Fred’s Head from APH, a Blindness Blog

Fred’s Head, offered by the American Printing House for the Blind, contains tips, techniques, tutorials, in-depth articles, and resources for and by blind or visually impaired people. Our blog is named after the legendary Fred Gissoni, renowned for answering a seemingly infinite variety of questions on every aspect of blindness.

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Friday, October 24, 2008

Adobe Acrobat: Current Solutions to Accessing PDF files

Adobe Portable Document Format (PDF) is a universal file format that preserves all the fonts, formatting, colors, and graphics of any document, regardless of the application and platform used to create it. Adobe Acrobat software converts any document to Adobe PDF files, even documents that have been scanned. Adobe PDF is a common file found on the World Wide Web. It is also used to distribute electronic documents over corporate networks, via e-mail, hard disks or CD-ROM.

Since Adobe PDF can represent documents that contain graphics, columns, vertical labels or other complex layouts, screen reading software for the blind may not be able to correctly reproduce some of these documents. However, Adobe studied the W3C guidelines for accessibility and Adobe Acrobat and Acrobat Reader now include a number of tools and features that help make information in Adobe PDF files accessible to the visually impaired. These include the following:

  1. Microsoft Active Accessibility. MSAA is a programming interface that allows Windows-based programs to present information about their content and its structure to assistive technologies, such as screen readers with speech or with braille displays.
  2. Tagged Adobe PDF. This is a feature that incorporates definitions of the document's structure into the file's format. By identifying organizational sections, such as the title page, chapters, and smaller structural headings, Adobe has made the navigation of large documents easier and more accurate. Here are some of the specific features:
    • Both content and logical structure are included in the Adobe PDF file.
    • Document content can be exported as Rich Text Format (RTF) files, allowing the information to be used in other programs or to be read by assistive technologies that aren't MSAA compatible.
    • Alternate text (ALT text) can be used for images.
  3. High-contrast color schemes. Low vision users can override the colors defined by the document with a color scheme optimized for their useful vision.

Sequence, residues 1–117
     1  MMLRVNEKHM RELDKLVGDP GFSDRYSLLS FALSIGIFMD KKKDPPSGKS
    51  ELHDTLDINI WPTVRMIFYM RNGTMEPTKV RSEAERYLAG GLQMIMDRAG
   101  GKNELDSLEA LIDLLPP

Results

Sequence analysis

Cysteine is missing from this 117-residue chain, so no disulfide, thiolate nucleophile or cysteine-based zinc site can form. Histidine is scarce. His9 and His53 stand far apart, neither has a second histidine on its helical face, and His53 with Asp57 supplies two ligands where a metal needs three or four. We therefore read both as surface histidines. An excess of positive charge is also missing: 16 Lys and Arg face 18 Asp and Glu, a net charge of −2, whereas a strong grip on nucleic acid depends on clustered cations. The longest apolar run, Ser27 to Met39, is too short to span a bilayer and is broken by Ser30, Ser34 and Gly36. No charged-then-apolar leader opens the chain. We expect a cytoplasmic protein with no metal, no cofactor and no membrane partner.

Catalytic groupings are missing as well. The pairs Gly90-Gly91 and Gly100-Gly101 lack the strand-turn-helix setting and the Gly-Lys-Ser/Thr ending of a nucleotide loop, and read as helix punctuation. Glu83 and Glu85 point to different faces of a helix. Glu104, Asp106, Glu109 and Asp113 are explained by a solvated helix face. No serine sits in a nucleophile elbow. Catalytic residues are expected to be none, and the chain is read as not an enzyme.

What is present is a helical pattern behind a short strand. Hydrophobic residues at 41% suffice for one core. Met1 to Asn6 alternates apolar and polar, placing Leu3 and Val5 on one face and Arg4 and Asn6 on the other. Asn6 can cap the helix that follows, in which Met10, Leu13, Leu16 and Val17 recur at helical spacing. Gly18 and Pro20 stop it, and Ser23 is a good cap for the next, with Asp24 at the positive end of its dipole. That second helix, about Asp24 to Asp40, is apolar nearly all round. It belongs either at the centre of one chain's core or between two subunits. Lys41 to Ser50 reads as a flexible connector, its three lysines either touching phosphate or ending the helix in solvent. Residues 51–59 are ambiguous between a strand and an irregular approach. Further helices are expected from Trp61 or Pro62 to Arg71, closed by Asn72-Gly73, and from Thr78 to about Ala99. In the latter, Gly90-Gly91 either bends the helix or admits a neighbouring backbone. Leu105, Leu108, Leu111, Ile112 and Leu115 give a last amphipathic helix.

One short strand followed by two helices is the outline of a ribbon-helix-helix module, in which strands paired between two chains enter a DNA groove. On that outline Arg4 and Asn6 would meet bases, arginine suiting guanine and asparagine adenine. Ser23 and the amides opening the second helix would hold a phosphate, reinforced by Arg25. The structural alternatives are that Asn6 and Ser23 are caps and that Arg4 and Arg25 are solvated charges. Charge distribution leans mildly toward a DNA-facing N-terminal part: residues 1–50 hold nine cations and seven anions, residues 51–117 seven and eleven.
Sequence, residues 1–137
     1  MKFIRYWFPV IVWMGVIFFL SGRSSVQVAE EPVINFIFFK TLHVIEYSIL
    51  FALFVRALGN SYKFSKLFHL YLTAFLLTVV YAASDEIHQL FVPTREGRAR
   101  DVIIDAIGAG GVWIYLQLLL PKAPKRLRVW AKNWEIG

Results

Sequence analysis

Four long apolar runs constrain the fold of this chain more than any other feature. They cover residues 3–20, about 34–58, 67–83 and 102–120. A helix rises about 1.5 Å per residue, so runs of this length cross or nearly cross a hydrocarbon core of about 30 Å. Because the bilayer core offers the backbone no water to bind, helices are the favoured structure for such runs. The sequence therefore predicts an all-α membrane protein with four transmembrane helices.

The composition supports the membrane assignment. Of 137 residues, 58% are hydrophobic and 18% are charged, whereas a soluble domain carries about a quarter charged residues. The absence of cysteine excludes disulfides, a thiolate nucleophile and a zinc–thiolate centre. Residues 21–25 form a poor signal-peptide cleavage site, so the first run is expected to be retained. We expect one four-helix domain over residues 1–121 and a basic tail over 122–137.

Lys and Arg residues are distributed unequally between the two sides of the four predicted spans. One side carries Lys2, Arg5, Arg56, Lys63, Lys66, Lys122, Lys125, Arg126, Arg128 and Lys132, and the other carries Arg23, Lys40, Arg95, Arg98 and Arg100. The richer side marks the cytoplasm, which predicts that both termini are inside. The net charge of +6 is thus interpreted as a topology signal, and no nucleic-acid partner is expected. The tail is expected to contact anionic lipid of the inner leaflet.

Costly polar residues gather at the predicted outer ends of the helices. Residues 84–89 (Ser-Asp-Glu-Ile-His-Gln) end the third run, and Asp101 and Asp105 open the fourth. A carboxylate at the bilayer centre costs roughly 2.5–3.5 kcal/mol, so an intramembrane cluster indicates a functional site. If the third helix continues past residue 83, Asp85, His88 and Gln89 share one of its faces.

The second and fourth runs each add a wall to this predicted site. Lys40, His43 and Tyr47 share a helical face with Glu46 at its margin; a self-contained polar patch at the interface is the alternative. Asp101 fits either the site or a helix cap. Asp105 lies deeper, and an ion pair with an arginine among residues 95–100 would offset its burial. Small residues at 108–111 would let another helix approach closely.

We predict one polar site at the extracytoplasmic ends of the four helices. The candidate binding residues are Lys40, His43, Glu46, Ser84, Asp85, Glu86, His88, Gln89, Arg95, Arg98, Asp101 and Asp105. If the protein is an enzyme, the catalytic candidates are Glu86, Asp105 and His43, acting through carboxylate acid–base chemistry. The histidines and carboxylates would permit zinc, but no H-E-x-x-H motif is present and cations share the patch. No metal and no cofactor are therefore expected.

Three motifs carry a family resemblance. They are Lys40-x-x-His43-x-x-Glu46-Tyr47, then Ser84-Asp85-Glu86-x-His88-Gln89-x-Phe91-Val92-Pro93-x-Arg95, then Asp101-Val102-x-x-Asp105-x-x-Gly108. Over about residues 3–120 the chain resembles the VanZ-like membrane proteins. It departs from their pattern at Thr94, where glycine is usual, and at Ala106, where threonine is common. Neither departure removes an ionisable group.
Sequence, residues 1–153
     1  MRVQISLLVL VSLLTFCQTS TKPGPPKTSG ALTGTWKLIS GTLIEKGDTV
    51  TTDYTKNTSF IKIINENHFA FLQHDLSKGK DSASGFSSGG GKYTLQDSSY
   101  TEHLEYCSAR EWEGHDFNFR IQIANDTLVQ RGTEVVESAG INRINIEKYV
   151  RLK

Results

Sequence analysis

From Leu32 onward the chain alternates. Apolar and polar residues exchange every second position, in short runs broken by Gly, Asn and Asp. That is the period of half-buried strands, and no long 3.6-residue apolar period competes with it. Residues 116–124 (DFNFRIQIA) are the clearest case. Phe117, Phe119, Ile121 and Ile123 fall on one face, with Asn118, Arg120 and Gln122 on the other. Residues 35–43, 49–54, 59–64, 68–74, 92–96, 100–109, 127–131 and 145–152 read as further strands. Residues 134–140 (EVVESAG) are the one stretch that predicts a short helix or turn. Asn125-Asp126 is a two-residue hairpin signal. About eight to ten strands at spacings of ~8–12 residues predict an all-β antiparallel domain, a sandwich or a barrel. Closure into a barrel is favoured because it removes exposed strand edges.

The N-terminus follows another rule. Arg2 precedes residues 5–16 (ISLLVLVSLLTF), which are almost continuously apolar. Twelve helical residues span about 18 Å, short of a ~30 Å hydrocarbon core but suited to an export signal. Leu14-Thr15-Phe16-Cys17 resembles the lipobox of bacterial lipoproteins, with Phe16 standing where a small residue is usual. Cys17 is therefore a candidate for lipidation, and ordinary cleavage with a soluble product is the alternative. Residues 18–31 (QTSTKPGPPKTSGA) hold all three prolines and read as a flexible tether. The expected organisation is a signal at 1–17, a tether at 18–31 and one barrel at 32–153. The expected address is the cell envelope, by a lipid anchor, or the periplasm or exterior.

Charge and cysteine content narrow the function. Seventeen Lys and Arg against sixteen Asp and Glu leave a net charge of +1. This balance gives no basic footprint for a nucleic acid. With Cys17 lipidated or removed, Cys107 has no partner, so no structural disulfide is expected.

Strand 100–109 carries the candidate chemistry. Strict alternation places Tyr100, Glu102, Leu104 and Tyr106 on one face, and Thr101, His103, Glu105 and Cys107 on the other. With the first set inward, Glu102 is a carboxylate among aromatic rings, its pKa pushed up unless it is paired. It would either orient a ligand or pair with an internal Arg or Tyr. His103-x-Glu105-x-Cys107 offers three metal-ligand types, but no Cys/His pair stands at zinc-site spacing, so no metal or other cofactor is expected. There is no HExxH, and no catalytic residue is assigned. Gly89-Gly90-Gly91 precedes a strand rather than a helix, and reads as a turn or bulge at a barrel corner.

4. Keyboard shortcuts allow the user to navigate the interface without a mouse.
  5. Reflowable text blocks. Magnified text blocks will now automatically wrap to fit on the screen instead of requiring awkward horizontal scrolling.
  6. Make Accessible plug-in. This plug-in provides accessibility to Windows screen-reading programs. The Acrobat Access plug-in converts untagged Adobe PDF files, including older files made with previous versions of Adobe Acrobat, into tagged Adobe PDF files that can be better understood by assistive technology.
  7. Adobe also has added a number of editing tools for people who are creating Adobe PDF files, including an Accessibility Checker that identifies and alerts the author to common problems. You can find out more about these at the website.

Adobe also offers a free, Web-based service at: This service converts any Adobe PDF document on the Internet into HTML or plain text. The document is also reformatted into a single column of text that can be read easily by screen readers. The site provides two conversion options:

  • The first is a Web-based form that can be used to convert PDF documents that are on the Internet. Users may type the URL to an Adobe PDF document and click a button that reads, "Get This PDF Document as HTML". The document is converted instantly into HTML and is returned immediately to the Web browser.
  • The second option is to use email to send Adobe either the URL of an Adobe PDF file on the Web or to send (as an attachment) the file from a local source (floppy disk, network drive, CD-ROM, etc.). The document is converted into HTML or into ASCII text and is sent back in a new e-mail in a matter of minutes.